Blood Secrets - By Jeannie Holmes

prologue

NO MOON SHONE IN THE SKY WHEN HE DUMPED THE body. He hardly recognized the mangled mess before him as the vibrant young woman he’d known, even though their affair had been brief. Hair the color of darkest flames turned black with dried blood. A dull silver film encroached on the sparkling blue of her eyes.

Her jaw was marred by a dark smear as he traced its gentle curve. He pulled back and stuck his thumb in his mouth, coating his tongue with her blood. An electric charge jolted his spine. Memories that were not his own flickered through his consciousness, playing scenes from her life on the movie screen of his mind, until the film stopped in a crimson moment of violence.

The rags he’d used to wipe down the trunk and hide his fingerprints fell from his hand and greedily absorbed the blood pooling beneath the remains. Using his elbow, he slammed the trunk closed, blotting the macabre view from sight.

A falling star streaked across the glittering sky. He closed his eyes and made a wish he’d made a thousand times before. The vision of his wish coming true filled his mind.

“Soon.” His whisper sliced through the silent night like a blade. Without a second glance at the trunk-turned-tomb, he walked away.

one

November 17

ALEXANDRA SABIAN SEARCHED THE HALL OF RECORDS for clues that would lead her to a killer. The only problem with her search was that she had no suspects, no witnesses, and the body had been buried for forty-one years.

Her father, Bernard Sabian, had been murdered in the spring of 1968, when she was only five. Someone had left his staked and beheaded body in a cemetery near her childhood home.

Simply because he was a vampire, like her.

At least that was her theory.

In the two weeks since she’d discovered she could access the Hall of Records—a metaphysical storehouse for the memories and experiences of every man, woman, and child who’d walked the face of the earth—she’d been searching through the records, trying to locate her father’s. She hoped once she did that she would uncover the clues she needed to find his killer.

It wasn’t an easy task she’d set for herself, considering her father was a lost soul, one of the wandering spirits who roamed the neutral zone between the physical and spirit realms. He claimed he’d chosen his fate, had traded his passage to the spirit world in favor of remaining in the Shadowlands. She couldn’t—she wouldn’t accept that her father would willingly condemn himself to an eternity of unrest and was determined to give him the peace he deserved.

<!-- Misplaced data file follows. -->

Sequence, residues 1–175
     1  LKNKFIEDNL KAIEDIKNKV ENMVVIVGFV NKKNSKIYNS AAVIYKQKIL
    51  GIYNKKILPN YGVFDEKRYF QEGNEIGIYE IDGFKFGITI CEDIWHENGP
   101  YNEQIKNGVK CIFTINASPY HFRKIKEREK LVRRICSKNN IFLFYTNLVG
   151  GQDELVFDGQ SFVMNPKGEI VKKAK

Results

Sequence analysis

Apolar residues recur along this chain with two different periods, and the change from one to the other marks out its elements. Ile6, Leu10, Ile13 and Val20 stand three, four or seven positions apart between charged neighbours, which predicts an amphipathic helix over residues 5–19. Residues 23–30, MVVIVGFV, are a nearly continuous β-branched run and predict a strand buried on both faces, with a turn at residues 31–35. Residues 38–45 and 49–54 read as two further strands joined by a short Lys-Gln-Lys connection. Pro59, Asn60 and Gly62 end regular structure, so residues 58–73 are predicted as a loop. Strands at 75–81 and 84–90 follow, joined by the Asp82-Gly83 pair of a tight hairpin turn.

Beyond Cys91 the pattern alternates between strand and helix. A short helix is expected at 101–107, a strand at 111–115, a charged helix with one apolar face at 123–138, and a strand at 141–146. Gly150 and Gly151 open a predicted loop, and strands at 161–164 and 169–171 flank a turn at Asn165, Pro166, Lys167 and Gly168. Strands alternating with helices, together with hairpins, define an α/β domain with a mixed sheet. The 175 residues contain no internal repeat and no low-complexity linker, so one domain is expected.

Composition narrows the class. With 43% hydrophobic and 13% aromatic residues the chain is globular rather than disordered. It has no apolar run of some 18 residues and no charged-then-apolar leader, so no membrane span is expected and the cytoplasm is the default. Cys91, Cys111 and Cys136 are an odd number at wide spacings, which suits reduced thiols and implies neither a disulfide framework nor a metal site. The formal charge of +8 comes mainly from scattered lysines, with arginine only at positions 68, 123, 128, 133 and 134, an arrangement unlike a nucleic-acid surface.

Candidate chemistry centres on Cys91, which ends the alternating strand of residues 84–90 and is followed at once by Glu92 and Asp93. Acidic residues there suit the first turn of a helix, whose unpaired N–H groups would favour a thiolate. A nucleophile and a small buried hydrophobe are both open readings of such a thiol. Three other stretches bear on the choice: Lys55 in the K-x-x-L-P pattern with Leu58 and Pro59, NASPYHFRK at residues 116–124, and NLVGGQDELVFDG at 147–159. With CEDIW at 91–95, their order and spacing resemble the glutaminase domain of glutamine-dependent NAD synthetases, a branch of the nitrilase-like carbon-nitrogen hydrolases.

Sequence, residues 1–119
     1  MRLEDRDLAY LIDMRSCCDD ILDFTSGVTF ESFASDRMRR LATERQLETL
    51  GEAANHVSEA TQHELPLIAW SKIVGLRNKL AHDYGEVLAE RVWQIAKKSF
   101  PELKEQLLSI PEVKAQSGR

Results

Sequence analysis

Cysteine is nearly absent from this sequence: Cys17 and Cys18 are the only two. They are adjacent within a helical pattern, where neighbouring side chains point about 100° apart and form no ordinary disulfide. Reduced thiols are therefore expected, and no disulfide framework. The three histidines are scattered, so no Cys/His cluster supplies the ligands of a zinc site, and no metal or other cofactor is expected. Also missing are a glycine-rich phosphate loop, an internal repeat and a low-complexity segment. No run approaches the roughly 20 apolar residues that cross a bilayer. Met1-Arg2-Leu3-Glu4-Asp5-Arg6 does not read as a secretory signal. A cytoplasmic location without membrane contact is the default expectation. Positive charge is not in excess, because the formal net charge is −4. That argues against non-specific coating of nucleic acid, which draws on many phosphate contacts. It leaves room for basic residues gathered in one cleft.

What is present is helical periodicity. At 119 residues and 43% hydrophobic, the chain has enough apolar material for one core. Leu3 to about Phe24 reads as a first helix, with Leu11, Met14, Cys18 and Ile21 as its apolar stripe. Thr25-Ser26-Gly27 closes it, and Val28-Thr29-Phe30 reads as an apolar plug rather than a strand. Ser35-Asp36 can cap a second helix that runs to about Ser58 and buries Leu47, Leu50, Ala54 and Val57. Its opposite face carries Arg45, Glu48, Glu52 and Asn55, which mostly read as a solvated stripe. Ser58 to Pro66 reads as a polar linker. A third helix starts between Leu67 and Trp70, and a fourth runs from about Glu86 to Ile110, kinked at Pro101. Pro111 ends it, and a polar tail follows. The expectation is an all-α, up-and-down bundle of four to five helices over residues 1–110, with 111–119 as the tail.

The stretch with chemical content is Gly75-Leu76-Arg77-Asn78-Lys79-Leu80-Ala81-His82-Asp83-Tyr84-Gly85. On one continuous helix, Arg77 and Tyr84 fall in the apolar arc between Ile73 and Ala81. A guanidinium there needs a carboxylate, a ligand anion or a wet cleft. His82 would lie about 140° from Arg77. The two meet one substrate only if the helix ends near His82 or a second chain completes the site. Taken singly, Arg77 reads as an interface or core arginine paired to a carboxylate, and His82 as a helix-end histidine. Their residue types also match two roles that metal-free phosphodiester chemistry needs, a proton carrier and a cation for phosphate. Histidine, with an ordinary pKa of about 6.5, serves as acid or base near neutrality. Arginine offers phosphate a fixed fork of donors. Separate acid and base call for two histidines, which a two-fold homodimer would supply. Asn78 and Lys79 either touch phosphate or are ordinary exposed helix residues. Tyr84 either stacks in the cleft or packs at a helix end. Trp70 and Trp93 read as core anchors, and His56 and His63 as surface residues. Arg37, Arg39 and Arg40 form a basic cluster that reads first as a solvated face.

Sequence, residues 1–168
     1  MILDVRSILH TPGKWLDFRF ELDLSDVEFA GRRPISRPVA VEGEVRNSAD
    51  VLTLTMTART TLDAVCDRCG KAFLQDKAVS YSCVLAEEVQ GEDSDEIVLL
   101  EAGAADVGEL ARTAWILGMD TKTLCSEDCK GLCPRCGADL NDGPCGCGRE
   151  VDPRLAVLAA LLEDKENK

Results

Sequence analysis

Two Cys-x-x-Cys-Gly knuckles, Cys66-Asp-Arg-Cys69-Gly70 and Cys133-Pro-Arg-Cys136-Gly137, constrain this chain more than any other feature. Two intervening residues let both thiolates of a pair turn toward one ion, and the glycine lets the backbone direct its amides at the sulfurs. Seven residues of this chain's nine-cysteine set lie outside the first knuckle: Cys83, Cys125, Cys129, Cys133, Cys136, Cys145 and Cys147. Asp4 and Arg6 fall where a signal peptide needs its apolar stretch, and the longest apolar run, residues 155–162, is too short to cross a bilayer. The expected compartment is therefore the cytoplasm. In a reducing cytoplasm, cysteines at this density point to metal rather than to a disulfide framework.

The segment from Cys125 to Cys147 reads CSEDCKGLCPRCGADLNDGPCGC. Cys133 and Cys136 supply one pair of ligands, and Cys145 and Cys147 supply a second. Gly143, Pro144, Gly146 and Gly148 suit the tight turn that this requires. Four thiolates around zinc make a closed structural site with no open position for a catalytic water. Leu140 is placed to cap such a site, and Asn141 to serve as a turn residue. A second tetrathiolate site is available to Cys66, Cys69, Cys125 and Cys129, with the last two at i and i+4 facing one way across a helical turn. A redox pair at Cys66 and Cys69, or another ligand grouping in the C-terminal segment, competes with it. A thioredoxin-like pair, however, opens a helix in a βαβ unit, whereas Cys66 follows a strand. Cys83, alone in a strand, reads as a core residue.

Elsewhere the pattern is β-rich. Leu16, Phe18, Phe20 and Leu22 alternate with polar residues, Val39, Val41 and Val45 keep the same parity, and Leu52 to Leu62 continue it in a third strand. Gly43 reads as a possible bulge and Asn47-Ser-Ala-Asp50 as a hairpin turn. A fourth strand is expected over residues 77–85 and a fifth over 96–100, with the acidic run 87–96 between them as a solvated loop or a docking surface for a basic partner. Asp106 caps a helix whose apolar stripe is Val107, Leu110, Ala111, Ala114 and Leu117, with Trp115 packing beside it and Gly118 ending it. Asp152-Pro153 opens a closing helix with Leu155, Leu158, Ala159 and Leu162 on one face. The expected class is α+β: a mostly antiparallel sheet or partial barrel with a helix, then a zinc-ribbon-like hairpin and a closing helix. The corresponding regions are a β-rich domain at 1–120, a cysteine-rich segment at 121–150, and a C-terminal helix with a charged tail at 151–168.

And her quest began in the Hall of Records.

Crystals housed in a black granite access terminal projected the large screen before her. Names scrolled by in one column while the adjacent column held a series of numbers showing the location of a door that led to that person’s memory.

She hadn’t actually tried accessing anyone’s memory yet. The thought of viewing a stranger’s most intimate recollections made her skin crawl. It was a violation of the worst order. However, if it helped find her father’s killer, it was an issue she was willing to work around.

The screen flashed from white to red and bold black letters appeared: ACCESS DENIED.

“Damn it,” Alex muttered and dropped her head into her hands. Every time she sought her father’s name she met the same result. Varying the combination of search parameters hadn’t worked either. Perhaps his records truly were lost.

Sighing, she looked around the Hall. It had transformed since the first time she’d entered as a result of her experiments to manipulate this “reality.” What had been a single endless hallway had become a huge ornate multi-level rotunda. Countless doors lay hidden in shadows on each level of the massive round building. Large golden Corinthian-style columns supported each level, and she craned her neck to count ten floors before darkness consumed the topmost levels. Although moonlight streamed through a circular opening in the apex of the rotunda’s unseen dome, none of it reached the lower levels. The only light came from the screen in front of her and the softly glowing crystals beside each door.

“All I need are some crickets chirping in the background,” she said to no one in particular. She turned her attention back to the screen, ready to try a different approach to her search.

Somewhere in the distant shadows overhead, a door opened and closed.

Alex jerked, reaching for a sidearm she didn’t possess. While she’d known others could access the Hall,

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